Mahfiruz Hatice Sultan

This is an Ottoman Turkish style name. Hatice is the given name, the title is Sultan, and there is no family name.
Mahfiruz Hatice Sultan
Born Eudoxia
Died Before 1620
Edirne, the Ottoman Empire
Burial Eyüp Cemetery, Istanbul
Spouse Ahmed I
Issue Osman II
Religion Islam, previously Orthodoxy

Mahfiruz Hatice Sultan[a] (c. 1590 – by 1610 or 1620) was a wife of Ottoman Sultan Ahmed I (r. 1603–17) and mother of Sultan Osman II (r. 1618–22).


According to historian Baki Tezcan, nothing is known about her except her probable name and period of death.[1][b] Her Muslim name, Mahfiruz, means "favourite of the crescent". Such peculiar names were given to the women of the Imperial Harem.[2]

She was the first of Ahmed I's three women and bore him Osman II. With the birth of Osman, the couple's first child, Ahmed became the youngest Ottoman sultan to become father, and Osman was the first Ottoman first-born prince to be born in the Imperial capital of Istanbul.[3]

Assessment by Peirce

The date of her death is undetermined. There are evidence that strongly suggests that she died at latest by 1610.[1] According to Leslie P. Peirce, she was alive when Osman was enthroned as sultan in 1618 after the deposition of incompetent Mustafa I; Peirce believes that she was not living in the palace during his son's reign nor did she act as valide sultan, as privy purse registers listed no valide sultan during Osman's reign.[4] Also from the middle of 1620, Osman's governess, the daye hatun, began to receive an extraordinary large stipend, one thousand aspers a day rather than her usual two hundrend aspers, an indication that she was now the official stand-in for the Valide Sultan.[4] Mahfiruz may have fell out of favour, judging by her absence in the palace and burial in Eyüb rather than with her husband, and never have recovered her status as a royal consort.[4] Venetian ambassador Contarini reported the beating of a woman who had irritated Kösem, ordered by the sultan, in 1612, which may be identified to Mahfiruz.[4] She may have been a rival of Kösem, who made efforts to keep Mustafa safe from execution, and saw an obstacle in Mahfiruz.[4] She was buried in the large sanctuary of Eyüp, Istanbul.[4]

In popular culture

In the 2015 TV series Muhteşem Yüzyıl: Kösem, Mahfiruz Hatice Sultan is portrayed by Turkish actress Dilara Aksüyek.

See also


  1. ^ Her name is also spellt Mahfıruze and Mah-ı Feyruz.[5]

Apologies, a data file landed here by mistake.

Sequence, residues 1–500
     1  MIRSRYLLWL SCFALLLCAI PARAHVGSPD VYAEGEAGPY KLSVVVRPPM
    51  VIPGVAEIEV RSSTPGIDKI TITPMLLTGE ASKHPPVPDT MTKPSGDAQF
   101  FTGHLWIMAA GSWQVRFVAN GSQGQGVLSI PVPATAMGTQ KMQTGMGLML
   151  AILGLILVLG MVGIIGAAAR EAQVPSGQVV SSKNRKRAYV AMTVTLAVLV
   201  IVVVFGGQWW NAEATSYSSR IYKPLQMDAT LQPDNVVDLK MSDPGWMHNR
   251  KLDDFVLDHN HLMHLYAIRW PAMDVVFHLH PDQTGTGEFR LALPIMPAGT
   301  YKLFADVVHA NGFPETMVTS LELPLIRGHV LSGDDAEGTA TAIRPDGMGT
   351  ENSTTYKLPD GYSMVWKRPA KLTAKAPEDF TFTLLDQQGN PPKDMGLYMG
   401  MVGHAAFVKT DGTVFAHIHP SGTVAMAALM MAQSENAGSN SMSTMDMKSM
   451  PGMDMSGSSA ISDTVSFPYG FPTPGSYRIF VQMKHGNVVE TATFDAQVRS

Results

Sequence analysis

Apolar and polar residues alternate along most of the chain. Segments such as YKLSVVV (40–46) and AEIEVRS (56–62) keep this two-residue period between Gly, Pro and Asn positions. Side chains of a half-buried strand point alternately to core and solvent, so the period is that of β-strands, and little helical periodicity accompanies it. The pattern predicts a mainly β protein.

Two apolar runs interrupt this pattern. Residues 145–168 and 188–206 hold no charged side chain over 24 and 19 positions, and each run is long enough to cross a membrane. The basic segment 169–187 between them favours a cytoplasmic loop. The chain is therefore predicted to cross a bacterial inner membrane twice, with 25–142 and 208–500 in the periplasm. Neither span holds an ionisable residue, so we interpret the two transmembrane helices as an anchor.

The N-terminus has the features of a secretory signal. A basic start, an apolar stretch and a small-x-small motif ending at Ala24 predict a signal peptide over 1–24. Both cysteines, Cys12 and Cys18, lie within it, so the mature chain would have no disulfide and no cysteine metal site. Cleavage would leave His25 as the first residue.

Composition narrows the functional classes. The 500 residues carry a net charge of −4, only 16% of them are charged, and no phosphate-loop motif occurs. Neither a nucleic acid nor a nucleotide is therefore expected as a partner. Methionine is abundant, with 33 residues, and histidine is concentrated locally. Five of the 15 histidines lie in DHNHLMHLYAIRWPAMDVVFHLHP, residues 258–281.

2. ^ According to some authors she was a Serbian[6][7] whose original name was Eudoxia.[6][8][9] There was an earlier theory of her being Greek, but this has been refuted, as it was based on an imaginative 18th-century French novel.[1][10]


  1. 1 2 3 Tezcan 2007, p. 350.
  2. Paulus Cassel (1888). An Explanatory Commentary on Esther: With Four Appendices Consisting of the Second Targum Translated from the Aramaic with Notes : Mithra : the Winged Bulls of Persepolis : and Zoroaster. T. & T. Clark. p. 56. favourite of the crescent
  3. Baki Tezcan (13 September 2010). The Second Ottoman Empire: Political and Social Transformation in the Early Modern World. Cambridge University Press. pp. 115–. ISBN 978-0-521-51949-6.
  4. 1 2 3 4 5 6 Peirce 1993, p. 233.
  5. Osmanlılar ansiklopedisi. Yapı Kredi Kültür Sanat Yayıncılık. 1999. p. 53. ISBN 978-975-08-0071-9. Hatice Mahfıruze, Mahfiruz, Mah-ı Feyruz
  6. 1 2 Günseli İnal; Semiramis Arşivi (2005). Semiramis: Sultan'ın gözünden şenlik. YKY. p. 27. ISBN 978-975-08-0928-6. [Osman II's mother the Serbian Evdoksiya known as Mahfiruz Sultan]
  7. Murat Iyigun (7 May 2015). War, Peace, and Prosperity in the Name of God: The Ottoman Role in Europe's Socioeconomic Evolution. University of Chicago Press. p. 119. ISBN 978-0-226-23228-7. Mahfiruz H. S. Serbian
  8. Ali Kemal Meram (1977). Padişah anaları: resimli belgesel tarih romanı. Öz Yayınları. p. 279. Kendisi gibi bir Rum olan ve (Mahfiruz Sultan) takma adı ile tanınan (Evdoksia) nın oğlu Osman'ın
  9. İsmail Metin (2010). Osmanlı sarayında cinsel sapkınlıklar. Parşömen Yayınları. p. 179. ISBN 978-605-4452-20-0. Birinci Ahmet'in gözdelerinden ilki Evdoksia idi. Kendisi Rum idi. Sarayda ismi Mahfiruz Sultan oldu.
  10. Tezcan, Baki (2002). "The 1622 Military Rebellion in Istanbul : A Historiographical Journey". International Journal of Turkish Studies. University of Wisconsin: 40. Stanford Shaw, the author of an Ottoman history that has been widely used as a textbook and reference work, claims, on the basis of information from an eighteenth-century French novel,84 that the sultan was "[t]rained in Latin, Greek, and Italian by his Greek mother, as well as Ottoman Turkish, Arabic, and Persian."85


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